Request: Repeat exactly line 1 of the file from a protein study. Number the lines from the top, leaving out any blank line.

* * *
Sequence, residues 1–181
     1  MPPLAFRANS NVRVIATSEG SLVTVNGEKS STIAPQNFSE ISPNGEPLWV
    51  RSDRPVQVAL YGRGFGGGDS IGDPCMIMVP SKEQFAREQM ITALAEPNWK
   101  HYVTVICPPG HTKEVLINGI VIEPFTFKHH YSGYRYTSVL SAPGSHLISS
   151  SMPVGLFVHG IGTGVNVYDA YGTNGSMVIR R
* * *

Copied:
Sequence, residues 1–181